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Each bloom lasts only for one night & by sunrise the flower is spent. So I had no choice but to wait for the next one. Back in those days, we all were very active children & there was no TV & the longer we were awake mother would make us study more. So we all learnt from small age to sleep early… hence I could not keep my eyes opened!! . We did see it again, but the enthusiasm & the magic was not the same as the first time…. Something like the first kiss! We children were the happiest because we would also get sweets/chaklis or something to eat too. The blooms appear intermittently during the summer months. Some plants bloom every year, while others have an alternate blooming cycle.. However, for years we continued the practice of waiting for it to bloom with the torch & sharing the joy! Eventually grew out of it like a child out of toy, becoming midnight flower Sanyasin!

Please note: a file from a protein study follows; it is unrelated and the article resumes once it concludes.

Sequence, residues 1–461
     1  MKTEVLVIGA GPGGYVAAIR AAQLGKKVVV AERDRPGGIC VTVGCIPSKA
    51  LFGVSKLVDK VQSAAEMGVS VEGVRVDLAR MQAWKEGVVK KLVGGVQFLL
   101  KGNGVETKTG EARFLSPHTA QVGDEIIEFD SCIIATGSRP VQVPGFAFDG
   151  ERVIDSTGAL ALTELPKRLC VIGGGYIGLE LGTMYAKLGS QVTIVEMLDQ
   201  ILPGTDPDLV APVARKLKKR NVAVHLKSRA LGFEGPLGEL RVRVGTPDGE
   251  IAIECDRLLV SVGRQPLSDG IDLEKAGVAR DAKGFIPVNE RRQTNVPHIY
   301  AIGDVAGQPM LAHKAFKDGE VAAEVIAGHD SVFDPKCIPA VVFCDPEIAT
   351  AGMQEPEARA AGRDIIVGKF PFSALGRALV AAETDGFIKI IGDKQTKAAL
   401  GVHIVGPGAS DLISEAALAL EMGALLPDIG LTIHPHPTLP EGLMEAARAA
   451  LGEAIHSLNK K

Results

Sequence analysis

A colleague of mine from Rathnagiri (Alphonso land) told me when they were little boys they knew the unique qualities of the flower & would say, if anyone can manage to put a flower in a case with a currency note or gold or diamond, the box would be filled with multiple of the same on its own… in other words sheer magical. I am sure there on too many different experiences around.

Years later in July 2013, the same drama was enacted far away from India at my neighbor Shruthi Cariappa’s house. Unfortunately I could not re-live the nostalgic memory as I was on vacation. Many of their friends were invited & there was dinner later it seems… a photo was posted on the facebook too. Many of the pictures posted here are from them. The timing is shown earlier my guess is that perhaps the plant brought from India has its biological clock set to Indian timing!!

There is also supposed to be another similar flower (selenicereus) in pulish-pinkish magenta. I never had the previlage of meeting…the pretty lady.